Wednesday, December 18, 2019

An Advent Responsory: Ecce Dies Veniunt ("Behold, the days come")

Ecce Dies Veniunt is the ninth responsory at Mattins on the First Sunday of Advent in the Roman Breivary.   But it's sung at First Vespers on the First Sunday of Advent in the Sarum Breviary.  Either way, it was clearly an important chant.

Here it's sung by Gregoriana.

Here are the words, in Latin and English, from Divinum Officium:
R. Ecce dies véniunt, dicit Dóminus, et suscitábo David germen justum: et regnábit rex, et sápiens erit, et fáciet judícium et justítiam in terra:
* Et hoc est nomen quod vocábunt eum: * Dóminus justus noster.
V. In diébus illis salvábitur Juda, et Israël habitábit confidénter.
R. Et hoc est nomen quod vocábunt eum:
V. Glória Patri, et Fílio, * et Spirítui Sancto.
R. Dóminus justus noster.

R. Behold, the days come, saith the Lord, that I will raise unto David a righteous Branch; and a King shall reign in wisdom and shall execute judgment and justice in the earth:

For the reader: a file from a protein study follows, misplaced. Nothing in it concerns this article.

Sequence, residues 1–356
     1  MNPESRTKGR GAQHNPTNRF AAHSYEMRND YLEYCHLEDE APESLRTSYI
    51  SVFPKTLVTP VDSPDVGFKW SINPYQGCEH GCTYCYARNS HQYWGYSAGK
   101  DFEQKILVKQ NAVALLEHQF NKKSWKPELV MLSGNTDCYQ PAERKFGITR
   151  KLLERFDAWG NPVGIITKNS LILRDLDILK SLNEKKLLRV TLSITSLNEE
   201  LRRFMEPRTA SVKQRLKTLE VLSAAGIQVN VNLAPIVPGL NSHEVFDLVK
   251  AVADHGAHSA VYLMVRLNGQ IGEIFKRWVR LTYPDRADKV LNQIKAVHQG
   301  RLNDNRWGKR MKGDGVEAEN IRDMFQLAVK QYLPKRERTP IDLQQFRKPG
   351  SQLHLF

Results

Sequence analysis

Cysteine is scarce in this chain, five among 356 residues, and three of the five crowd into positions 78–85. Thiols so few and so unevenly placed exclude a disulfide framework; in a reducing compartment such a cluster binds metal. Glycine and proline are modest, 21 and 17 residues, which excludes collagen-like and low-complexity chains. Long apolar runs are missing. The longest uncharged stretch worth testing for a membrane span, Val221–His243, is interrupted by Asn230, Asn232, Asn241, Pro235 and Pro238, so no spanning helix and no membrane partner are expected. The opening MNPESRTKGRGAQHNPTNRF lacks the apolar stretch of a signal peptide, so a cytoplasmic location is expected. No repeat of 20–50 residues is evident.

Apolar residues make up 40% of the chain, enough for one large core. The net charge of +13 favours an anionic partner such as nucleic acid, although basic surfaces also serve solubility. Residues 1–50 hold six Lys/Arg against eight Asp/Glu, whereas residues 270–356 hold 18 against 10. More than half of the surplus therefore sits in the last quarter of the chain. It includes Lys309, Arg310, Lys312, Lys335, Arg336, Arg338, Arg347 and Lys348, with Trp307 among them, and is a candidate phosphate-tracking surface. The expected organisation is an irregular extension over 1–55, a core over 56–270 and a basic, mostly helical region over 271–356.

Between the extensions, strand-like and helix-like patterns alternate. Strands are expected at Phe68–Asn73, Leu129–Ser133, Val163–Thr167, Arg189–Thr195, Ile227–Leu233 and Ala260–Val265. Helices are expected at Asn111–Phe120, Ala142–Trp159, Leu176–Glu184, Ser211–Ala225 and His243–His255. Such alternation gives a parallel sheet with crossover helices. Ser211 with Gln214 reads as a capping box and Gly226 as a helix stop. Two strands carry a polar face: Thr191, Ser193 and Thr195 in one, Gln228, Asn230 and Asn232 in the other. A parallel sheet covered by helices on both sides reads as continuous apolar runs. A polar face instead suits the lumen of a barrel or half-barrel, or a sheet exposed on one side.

* And this is His name whereby He shall be called: * The Lord our Righteous one.
V. In His days Judah shall be saved, and Israel shall dwell safely.
R. And this is His name whereby He shall be called.
V. Glory be to the Father, and to the Son, * and to the Holy Ghost.
R. The Lord our Righteous one.

Here is the chant score, from The Sarum Rite, at McMaster University, Toronto.  There are some melodic differences between this score and what's sung on the video above.

This Responsory is also listed in Cantus Database as a Responsory for other Advent Sundays.  So it appears it was used in various ways and at various times in different locations and at  different times.

Here's an image of the chant as used as an Advent 1 Vespers Responsory, from the Antiphonarium Benedictinum (1400)  used at the Abbey of Sankt Lambrecht (Steiermark, Austria).

Here's another one from Austria (Klosterneuburg), and about the same period; it's another Vespers Responsory for Advent 1:

This is from a "Late-thirteenth century Cistercian antiphoner (dated c. 1295) from Lubiąż in modern-day south-western Poland (German: Leubus). 272 folios. Green five-line staff with a red F-line and a yellow C-line."  It was used as a Matins Reponsory on Advent 3.

And this earlier one comes from a "Cistercian antiphoner from the Abbey of St. Mary of Morimondo in the diocese of Milan. Second half of the twelfth century (up to 1174)."  It's written in staffless musical notation, as you can see; it was also used as a Matins Reponsory on Advent 3.

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